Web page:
In 1980, Keith McHenry was a college student trying to raise money for a friend who had been arrested at an anti-nuclear protest. To help pay for the lawyers, Keith was planning a bake sale; in a fateful moment, he saw a poster that read:
It will be a great day when the schools get all the money they need and the Air Force has to have a bake sale to buy a bomber
Keith had been studying about misplaced priorities in society and government while in Boston College at the time, and the poster gave Keith and his friends a fun idea: “to dress up in military uniforms at the bake sales, and pretend we were from the Air Force and we were trying to buy a bomber.” The gimmick would be a great way to start a conversation with passersby who might not ordinarily be reached through a protest or a sit-in.
As Keith (who hails in part from a military family
) and his friends studied injustice and interacted with their community, their central idea came into focus: what the world needed was food, not bombs. It was from this seed that the volunteer organization Food Not Bombs
sprouted, and has now blossomed into more than 1,000 chapters worldwide. Since that day he saw the bake sale poster in 1980, Keith has recovered, cooked and shared vegan food with the hungry for over 35 years.
No longer centered on bake sales, Food Not Bombs volunteers salvage surplus food that would otherwise go to waste, prepare it, and serve it for free in parks, on street corners, and at protests. The food is vegan and nutritious. Volunteers distribute fliers and engage passersby in conversations about the connections between industrial agriculture, military spending, and poverty.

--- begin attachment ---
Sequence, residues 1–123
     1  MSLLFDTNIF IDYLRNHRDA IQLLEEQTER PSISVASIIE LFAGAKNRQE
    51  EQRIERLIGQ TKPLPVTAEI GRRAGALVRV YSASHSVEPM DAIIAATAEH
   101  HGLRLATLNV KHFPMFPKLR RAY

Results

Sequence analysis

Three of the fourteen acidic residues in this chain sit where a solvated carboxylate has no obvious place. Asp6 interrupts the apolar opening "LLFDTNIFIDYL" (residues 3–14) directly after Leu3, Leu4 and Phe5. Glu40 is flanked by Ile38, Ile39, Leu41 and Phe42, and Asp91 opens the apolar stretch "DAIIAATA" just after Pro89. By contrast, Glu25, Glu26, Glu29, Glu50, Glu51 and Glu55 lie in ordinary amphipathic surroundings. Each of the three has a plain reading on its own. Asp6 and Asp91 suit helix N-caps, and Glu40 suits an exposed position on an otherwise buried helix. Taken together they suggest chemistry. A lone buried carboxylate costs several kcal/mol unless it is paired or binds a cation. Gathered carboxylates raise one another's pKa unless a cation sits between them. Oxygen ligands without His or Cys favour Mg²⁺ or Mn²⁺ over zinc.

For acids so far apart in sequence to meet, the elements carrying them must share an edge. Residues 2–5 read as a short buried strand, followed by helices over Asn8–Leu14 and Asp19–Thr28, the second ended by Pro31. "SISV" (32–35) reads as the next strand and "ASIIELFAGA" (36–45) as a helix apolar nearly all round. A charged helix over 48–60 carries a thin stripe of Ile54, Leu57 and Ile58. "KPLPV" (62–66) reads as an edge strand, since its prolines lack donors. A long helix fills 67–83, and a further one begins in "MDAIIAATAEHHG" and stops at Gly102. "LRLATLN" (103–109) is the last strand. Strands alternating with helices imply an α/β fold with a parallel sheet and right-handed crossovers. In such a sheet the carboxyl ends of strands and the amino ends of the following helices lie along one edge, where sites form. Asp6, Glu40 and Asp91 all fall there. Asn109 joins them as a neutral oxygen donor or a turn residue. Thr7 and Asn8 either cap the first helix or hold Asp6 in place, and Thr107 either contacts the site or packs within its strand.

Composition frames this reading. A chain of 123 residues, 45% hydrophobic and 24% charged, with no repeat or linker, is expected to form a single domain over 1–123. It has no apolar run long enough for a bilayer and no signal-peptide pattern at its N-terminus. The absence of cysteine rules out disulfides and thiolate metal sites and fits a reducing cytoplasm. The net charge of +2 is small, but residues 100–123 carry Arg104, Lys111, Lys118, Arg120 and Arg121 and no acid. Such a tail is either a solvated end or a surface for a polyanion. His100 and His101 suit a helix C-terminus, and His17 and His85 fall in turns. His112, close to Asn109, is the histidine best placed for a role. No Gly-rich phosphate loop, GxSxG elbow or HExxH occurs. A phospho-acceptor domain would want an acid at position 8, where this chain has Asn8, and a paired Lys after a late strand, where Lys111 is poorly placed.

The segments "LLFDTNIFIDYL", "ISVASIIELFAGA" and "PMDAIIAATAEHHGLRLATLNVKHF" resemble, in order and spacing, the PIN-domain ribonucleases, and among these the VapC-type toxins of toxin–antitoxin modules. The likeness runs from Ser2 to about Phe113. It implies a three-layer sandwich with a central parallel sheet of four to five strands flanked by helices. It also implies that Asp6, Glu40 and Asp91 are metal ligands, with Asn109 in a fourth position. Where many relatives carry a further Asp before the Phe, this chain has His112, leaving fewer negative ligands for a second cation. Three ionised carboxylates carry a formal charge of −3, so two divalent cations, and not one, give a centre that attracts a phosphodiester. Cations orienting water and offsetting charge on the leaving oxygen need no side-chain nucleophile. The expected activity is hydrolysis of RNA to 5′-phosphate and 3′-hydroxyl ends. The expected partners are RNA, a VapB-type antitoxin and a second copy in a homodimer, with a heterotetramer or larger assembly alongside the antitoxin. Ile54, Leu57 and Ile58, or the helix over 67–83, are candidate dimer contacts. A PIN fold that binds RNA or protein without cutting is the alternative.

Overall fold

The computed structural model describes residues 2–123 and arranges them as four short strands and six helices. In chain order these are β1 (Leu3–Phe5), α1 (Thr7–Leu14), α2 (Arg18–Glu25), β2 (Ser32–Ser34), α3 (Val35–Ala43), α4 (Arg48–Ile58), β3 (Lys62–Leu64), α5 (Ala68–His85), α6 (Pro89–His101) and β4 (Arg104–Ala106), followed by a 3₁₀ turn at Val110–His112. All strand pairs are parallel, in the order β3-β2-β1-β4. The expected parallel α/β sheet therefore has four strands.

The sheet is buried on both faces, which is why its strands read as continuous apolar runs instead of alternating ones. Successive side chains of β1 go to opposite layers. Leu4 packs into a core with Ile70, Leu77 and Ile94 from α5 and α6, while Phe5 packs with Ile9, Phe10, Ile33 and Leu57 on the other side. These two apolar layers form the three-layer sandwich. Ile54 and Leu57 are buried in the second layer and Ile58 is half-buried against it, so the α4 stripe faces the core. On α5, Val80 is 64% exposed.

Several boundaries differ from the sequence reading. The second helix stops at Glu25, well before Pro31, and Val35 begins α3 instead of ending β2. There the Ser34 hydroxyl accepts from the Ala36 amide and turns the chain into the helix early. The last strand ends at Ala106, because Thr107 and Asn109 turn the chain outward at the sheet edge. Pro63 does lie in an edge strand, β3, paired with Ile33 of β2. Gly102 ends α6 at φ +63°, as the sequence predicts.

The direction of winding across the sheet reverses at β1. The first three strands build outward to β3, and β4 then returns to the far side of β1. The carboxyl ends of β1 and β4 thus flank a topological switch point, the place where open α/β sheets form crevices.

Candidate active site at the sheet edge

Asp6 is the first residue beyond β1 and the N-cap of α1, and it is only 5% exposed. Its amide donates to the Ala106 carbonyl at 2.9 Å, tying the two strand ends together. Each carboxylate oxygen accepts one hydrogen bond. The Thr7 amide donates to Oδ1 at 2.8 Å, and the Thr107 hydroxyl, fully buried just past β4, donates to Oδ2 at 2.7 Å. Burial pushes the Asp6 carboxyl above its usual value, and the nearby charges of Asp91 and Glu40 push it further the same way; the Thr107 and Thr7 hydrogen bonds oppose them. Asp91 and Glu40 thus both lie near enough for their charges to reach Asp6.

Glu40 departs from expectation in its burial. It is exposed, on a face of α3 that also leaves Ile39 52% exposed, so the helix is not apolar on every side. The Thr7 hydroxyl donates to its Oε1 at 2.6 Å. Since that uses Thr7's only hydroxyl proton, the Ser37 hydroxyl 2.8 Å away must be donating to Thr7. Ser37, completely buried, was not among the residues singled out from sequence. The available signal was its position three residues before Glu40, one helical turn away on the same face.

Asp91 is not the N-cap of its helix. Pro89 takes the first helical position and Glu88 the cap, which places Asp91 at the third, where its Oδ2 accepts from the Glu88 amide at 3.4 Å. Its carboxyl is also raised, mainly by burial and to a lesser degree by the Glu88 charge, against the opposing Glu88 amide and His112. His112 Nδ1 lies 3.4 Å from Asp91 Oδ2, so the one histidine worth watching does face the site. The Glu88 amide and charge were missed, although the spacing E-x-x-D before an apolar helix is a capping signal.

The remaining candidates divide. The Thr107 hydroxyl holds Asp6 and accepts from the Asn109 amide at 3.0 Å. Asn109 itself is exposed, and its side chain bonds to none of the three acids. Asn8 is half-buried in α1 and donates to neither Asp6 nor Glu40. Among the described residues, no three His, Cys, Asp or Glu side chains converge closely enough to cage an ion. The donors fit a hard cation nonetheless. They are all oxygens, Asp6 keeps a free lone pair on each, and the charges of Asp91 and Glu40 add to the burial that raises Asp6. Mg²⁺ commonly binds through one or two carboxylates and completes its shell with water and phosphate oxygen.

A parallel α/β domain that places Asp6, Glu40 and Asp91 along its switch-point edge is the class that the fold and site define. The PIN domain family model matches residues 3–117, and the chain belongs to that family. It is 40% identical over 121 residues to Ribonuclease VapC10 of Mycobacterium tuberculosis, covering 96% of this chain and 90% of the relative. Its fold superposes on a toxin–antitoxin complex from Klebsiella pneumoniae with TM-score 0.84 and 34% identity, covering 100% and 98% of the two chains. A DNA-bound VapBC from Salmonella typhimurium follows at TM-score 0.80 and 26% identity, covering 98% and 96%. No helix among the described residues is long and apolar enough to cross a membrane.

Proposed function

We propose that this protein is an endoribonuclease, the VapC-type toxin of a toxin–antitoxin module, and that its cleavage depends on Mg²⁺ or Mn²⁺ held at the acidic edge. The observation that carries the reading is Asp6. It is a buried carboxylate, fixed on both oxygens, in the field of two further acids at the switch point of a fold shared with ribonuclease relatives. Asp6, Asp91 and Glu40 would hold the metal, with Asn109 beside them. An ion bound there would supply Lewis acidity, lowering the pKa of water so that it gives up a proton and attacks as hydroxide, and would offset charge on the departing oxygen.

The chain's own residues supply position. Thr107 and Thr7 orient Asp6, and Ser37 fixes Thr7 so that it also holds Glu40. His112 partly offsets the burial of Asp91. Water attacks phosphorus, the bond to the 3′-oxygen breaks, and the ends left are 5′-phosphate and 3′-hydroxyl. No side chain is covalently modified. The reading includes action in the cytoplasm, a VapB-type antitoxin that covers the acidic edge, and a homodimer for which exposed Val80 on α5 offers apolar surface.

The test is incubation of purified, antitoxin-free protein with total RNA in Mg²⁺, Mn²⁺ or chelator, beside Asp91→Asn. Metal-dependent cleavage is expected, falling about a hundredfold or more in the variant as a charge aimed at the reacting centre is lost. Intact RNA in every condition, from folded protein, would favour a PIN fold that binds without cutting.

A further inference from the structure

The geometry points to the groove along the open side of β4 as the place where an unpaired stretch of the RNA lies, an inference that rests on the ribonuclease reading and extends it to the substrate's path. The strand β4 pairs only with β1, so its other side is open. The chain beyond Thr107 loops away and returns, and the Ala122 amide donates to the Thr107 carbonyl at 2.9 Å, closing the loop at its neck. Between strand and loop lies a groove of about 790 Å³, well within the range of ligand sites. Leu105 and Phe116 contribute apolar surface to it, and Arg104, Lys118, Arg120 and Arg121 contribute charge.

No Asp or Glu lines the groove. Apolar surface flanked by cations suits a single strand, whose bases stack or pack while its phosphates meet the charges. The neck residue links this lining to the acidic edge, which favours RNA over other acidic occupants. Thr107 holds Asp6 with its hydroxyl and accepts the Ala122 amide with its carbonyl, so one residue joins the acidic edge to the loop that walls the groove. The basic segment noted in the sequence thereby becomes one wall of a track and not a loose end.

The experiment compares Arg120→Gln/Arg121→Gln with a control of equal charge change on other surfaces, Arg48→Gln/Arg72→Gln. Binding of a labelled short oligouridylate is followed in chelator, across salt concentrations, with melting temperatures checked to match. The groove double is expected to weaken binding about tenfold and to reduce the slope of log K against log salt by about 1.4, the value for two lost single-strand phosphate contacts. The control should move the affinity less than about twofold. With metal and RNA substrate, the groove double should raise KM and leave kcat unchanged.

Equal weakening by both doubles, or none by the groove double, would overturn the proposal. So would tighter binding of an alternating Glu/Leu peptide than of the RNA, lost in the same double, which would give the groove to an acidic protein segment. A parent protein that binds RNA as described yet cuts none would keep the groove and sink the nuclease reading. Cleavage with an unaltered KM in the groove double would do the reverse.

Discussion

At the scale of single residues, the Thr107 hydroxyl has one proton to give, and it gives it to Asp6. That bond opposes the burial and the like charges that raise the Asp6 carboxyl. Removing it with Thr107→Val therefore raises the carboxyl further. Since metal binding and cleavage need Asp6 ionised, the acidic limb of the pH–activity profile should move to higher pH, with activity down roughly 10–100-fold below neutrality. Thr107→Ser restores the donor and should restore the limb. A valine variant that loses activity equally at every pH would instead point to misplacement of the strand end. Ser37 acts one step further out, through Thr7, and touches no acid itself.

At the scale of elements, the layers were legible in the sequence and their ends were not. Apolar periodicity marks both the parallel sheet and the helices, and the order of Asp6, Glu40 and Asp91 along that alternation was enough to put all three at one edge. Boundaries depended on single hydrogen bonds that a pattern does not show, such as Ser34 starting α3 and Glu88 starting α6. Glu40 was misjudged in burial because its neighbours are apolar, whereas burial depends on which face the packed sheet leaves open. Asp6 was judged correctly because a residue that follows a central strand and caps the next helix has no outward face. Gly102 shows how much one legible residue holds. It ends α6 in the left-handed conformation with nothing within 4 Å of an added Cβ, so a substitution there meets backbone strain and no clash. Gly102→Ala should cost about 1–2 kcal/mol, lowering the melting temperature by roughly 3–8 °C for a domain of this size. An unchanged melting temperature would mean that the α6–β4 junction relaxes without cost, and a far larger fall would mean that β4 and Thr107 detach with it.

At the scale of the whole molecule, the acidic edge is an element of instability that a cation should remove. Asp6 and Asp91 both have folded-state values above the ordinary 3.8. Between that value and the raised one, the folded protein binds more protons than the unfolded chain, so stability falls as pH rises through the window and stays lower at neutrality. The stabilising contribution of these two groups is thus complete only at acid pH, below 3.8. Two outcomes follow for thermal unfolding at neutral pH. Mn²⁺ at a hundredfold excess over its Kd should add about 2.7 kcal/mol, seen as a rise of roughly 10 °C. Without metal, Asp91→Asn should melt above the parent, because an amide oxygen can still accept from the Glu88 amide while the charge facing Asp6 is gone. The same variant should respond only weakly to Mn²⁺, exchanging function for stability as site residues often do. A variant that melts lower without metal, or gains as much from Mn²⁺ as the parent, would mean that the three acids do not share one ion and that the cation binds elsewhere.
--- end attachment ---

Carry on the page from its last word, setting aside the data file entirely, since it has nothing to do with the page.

, “We are trying to model a post-capitalist society by showing first that there is abundance—because there is an abundance of food, no one should go hungry. At the same time, we work cooperatively by using the consensus process. We are a leaderless movement where everyone’s opinion is respected equally and we try to draw out the best ideas and feelings of each of the people in our collectives.”
Keith helped found the second chapter of Food Not Bombs in San Francisco, where he was one of several volunteers arrested by the police in 1988. In the following years, Keith was arrested over 100 times for serving free food
in city parks (in violation of various local ordinances governing mass feedings) and spent over 500 nights in jail. Once when he was arrested in Orlando in 2011, he said, “We don’t fault the city of Orlando for being in this dilemma, because it really is a national problem. There needs to be a national solution.” On another occasion, officers ripped off most of Keith's clothes, lifted him by his arms and legs until his ligaments and tendons ripped, kicked and punched him, and stuffed him into a stress position cage
suspended from the ceiling. After three days in the cage, he was freed in his underwear at about 3:00 AM and walked to Saint Mary's Hospital for help. This was to be the first of three times that Keith was held in that cage, unclothed and in a stress position for multiple days, by the San Francisco police.
In 1995, when Keith faced life in prison because of California’s “three strikes” law, Amnesty International adopted his case and recognized Food Not Bombs volunteers as prisoners of conscience. As news spread about the arrests, new chapters of Food Not Bombs arose in major cities across the country and around the world, including Europe, the Middle East, Asia, Africa, Australia, and Latin America.